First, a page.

In order to qualify for maternity rights, an FDW must first notify her employer of her pregnancy with a doctor’s certificate, and state her intention to take maternity leave. After that, she and her employer should discuss the maternity leave arrangements. If the FDW wishes to return home to give birth, who shall bear the cost of airfare? How can she receive her salary when she is out of the country? Maternity leave can only begin 4 weeks before the expected due date. Would the FDW fall foul of an airline’s safety requirement if she flew home 36 weeks into her pregnancy?

If the FDW decides to stay in Hong Kong, how can she juggle caring for her baby and still comply with the live-in requirement? For Susan, this has been her biggest challenge. PathFinders, an NGO that supports pregnant migrant mothers in Hong Kong, has helped a number of its clients to seek exemption from the live-in requirement during maternity leave from the Labour Department. However, none of the cases have been successful thus far.

Maternity rights are a complex area. To avoid unnecessary disputes and possible legal violations, both FDWs and employers need to clearly understand their rights and obligations, and know about the grey areas.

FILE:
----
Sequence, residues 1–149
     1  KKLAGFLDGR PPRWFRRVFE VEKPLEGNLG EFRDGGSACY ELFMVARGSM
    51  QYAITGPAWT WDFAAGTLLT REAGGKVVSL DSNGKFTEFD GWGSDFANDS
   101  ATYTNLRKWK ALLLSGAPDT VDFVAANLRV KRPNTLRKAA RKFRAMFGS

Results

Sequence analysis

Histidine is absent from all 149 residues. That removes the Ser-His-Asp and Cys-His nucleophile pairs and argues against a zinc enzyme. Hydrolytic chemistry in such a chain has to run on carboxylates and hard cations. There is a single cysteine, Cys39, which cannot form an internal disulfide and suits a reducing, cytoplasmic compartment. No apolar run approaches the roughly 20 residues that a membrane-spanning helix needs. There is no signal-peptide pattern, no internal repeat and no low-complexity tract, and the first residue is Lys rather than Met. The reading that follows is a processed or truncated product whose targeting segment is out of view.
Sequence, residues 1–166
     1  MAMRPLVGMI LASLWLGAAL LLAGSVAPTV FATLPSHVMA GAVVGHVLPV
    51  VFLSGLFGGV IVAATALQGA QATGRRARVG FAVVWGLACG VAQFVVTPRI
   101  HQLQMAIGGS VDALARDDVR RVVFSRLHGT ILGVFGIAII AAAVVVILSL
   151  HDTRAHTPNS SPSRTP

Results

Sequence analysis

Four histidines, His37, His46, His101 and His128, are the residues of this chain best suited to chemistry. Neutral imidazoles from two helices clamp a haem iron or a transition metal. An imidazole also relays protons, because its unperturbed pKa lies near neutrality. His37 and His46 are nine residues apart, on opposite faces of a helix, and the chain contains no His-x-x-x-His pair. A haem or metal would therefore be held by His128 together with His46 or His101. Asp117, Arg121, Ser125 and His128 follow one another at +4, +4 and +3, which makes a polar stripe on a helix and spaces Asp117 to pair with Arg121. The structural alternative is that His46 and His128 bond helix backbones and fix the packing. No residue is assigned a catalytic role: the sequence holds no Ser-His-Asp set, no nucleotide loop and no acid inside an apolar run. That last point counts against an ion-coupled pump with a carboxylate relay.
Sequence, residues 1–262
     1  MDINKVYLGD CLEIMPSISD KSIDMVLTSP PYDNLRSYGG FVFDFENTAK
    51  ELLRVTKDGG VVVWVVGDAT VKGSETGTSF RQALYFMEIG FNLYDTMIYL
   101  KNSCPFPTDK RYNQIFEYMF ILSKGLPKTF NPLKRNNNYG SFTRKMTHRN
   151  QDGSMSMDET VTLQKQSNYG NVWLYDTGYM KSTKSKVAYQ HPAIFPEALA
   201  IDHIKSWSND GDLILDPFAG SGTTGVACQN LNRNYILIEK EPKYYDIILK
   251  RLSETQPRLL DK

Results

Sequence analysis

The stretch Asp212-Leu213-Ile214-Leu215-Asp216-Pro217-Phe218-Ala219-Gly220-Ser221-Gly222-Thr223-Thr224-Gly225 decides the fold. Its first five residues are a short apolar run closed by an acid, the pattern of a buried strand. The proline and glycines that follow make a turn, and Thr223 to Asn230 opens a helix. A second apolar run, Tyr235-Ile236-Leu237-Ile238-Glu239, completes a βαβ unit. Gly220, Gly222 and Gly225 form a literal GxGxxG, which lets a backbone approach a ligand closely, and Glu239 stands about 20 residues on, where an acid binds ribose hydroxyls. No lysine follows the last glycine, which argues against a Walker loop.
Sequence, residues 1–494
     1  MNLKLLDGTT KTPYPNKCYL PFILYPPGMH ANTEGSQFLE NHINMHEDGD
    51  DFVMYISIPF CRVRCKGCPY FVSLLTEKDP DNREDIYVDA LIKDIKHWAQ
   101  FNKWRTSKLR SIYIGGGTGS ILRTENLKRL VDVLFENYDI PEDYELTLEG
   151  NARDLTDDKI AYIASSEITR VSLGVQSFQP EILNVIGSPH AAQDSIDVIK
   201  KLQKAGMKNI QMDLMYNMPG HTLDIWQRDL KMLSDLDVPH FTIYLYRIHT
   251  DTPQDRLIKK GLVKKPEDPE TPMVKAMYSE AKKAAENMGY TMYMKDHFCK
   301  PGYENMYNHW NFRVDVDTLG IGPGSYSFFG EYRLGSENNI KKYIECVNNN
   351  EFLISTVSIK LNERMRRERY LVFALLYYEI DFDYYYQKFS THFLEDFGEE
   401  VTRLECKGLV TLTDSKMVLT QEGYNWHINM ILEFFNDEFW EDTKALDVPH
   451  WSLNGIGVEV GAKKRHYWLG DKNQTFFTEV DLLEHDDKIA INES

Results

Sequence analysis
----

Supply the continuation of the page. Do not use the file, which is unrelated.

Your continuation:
There are a number of NGOs in Hong Kong that FDWs may reach out to for assistance, aside from government agencies and employment agencies. PathFinders is a registered charity in Hong Kong which supports pregnant migrant mothers and their Hong Kong-born babies. For inquiries or assistance, you may visit PathFinders’ website at or contact PathFinders via its hotline, FaceBook page or email.

Here are some useful contact information:

PathFinders’ client hotline:  51904886 (9am to 9pm);;

Labour Department’s hot-line: 2717 1771 (24-hour);

Immigration Department’s general hotline: 2824 6111 (24-hour); hk